A warm weather pattern will build in place over much of the eastern half of the nation next week.
At the surface, a zone of high pressure off the New England coast will strengthen and expand westward, then southwestward next week, encompassing much of the eastern half of the nation.
Meanwhile, in the upper levels of the atmosphere, the jet stream will bulge northward, working to lock up chilly air over northern Canada.
Strong May sunshine will take its toll on an air mass that is marginally cool in the first place.
The warm-up will follow a slow-moving storm system bringing severe weather to the middle of the nation into Friday and showers and thunderstorms to the Northeast this weekend. The rain will bring a temporary cool down, following warmth to close out the week.
One the high pressure area takes hold, expect multi-day period of 80-degree-plus temperatures in many areas with comfortable night time conditions.
The most extreme warmth may unfold around the Great Lakes and into Central Ontario and southwestern Quebec.
One trouble area will be along the southern Atlantic Seaboard, where the season's first part-tropical system may come into play with showers and stormy conditions.
Additionally, a sea breeze may keep temperatures in check in the coastal areas of the mid-Atlantic and New England. This can happen when steering current become so light that cool ocean air must rush in to take the place of rising warm air over the interior.
At any rate, for those in the Northeast who have not yet planted their warm-season vegetable garden, you may be able to get a head start on the traditional planting during the Memorial Day Weekend. For all but people in northern New England, it appears the threat of frost has now past for the season.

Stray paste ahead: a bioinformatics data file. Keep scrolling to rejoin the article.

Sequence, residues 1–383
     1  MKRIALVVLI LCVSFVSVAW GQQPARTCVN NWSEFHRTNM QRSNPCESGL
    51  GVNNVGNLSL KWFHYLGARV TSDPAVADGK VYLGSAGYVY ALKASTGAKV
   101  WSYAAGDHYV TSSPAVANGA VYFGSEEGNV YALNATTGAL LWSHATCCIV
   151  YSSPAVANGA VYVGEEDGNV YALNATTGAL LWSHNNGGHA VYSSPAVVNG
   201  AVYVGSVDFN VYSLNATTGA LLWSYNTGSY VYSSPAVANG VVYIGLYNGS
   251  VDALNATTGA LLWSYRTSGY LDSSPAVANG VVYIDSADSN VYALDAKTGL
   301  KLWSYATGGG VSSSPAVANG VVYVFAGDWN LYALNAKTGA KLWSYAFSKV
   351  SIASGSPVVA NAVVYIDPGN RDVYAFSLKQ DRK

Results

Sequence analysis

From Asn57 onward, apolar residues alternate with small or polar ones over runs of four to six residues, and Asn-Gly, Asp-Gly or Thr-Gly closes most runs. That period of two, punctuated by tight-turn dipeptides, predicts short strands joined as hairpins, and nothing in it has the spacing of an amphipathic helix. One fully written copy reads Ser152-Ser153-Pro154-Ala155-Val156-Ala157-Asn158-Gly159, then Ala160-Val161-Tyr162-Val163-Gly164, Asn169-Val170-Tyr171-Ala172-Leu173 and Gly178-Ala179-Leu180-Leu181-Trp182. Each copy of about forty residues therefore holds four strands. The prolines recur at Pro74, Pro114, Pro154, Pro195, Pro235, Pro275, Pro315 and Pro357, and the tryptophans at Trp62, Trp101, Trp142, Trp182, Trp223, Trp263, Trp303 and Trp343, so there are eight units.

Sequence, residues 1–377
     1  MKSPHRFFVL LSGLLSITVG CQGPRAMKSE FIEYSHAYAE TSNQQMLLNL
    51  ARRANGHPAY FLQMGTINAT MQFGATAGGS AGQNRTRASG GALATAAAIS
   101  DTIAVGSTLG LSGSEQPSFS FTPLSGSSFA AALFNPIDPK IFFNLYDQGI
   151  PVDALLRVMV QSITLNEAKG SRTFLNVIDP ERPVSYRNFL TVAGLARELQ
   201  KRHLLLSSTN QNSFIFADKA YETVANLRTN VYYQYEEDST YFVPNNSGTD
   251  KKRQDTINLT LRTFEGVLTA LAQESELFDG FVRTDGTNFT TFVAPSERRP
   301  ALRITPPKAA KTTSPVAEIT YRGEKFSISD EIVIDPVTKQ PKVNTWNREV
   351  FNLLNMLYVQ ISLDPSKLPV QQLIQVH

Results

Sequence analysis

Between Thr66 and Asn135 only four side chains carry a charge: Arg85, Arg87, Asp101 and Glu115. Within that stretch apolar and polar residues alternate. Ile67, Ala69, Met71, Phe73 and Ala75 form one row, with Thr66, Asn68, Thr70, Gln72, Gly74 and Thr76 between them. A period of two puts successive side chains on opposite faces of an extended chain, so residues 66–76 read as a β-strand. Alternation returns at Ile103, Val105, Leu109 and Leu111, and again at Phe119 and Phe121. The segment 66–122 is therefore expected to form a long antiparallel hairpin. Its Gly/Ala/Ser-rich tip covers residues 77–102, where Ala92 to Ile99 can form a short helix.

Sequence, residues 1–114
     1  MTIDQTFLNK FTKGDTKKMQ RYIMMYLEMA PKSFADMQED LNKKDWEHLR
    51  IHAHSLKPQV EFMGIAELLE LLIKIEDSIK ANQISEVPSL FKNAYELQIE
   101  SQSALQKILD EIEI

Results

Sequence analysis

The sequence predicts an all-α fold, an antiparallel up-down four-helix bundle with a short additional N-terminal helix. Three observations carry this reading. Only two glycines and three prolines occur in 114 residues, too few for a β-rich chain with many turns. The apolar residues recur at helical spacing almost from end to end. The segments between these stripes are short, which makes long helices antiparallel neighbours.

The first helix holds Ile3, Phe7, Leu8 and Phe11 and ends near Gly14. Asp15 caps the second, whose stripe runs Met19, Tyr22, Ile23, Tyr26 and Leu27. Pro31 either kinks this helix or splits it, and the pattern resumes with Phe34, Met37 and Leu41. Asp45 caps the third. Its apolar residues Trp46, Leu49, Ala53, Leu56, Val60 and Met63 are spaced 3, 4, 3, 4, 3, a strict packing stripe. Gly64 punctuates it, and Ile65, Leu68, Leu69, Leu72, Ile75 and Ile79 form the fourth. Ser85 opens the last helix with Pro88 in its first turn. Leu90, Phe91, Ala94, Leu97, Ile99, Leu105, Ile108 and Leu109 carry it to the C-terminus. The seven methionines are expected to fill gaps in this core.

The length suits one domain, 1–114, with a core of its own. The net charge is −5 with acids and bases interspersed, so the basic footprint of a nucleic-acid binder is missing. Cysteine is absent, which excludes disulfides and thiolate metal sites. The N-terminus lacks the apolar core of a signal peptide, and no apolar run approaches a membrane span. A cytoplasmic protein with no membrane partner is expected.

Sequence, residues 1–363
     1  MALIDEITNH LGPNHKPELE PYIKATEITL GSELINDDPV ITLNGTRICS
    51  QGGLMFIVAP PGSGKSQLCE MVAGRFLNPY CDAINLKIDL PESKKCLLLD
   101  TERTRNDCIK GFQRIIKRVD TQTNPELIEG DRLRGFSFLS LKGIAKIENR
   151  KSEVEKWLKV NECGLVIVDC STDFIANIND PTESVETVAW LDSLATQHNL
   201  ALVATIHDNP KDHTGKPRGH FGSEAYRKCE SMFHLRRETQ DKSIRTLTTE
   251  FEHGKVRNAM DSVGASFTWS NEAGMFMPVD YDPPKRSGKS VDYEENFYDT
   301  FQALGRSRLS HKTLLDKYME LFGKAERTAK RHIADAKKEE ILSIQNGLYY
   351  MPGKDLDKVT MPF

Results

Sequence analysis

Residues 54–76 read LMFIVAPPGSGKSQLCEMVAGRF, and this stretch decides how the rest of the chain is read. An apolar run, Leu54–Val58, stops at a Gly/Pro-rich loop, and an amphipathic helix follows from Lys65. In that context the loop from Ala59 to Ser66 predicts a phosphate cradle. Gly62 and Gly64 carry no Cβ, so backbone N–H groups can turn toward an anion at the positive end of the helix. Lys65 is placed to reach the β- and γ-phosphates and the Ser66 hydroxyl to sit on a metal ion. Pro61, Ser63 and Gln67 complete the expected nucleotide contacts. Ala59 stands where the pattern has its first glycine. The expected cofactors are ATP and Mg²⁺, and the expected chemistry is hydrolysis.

A massive area of low pressure will continue to keep much of Europe in a stormy, unsettled pattern through this weekend.
The Blizzard of 2015 took aim at the Northeast Monday into Tuesday, bringing travel to a halt throughout the region, including major metropolitan areas, such as New York City and Boston.
Those in part of northern New England may be reminded of the Blizzard of 2015 early this weekend as a strengthening storm system impacts the region.
A snowstorm will sweep from the Midwest to the Northeast spanning this weekend into Groundhog Day and will cause major travel delays and disruptions to daily activities.
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Buffalo, NY (1977)
Great Buffalo blizzard abated after 3 days. Winds to 75 mph and huge drifts paralyzed the city.
Peter, UT (1985)
Minus 66 degrees -- all-time low for Utah.
Choteau, MN (1989)
Winds gusted to 124 mph.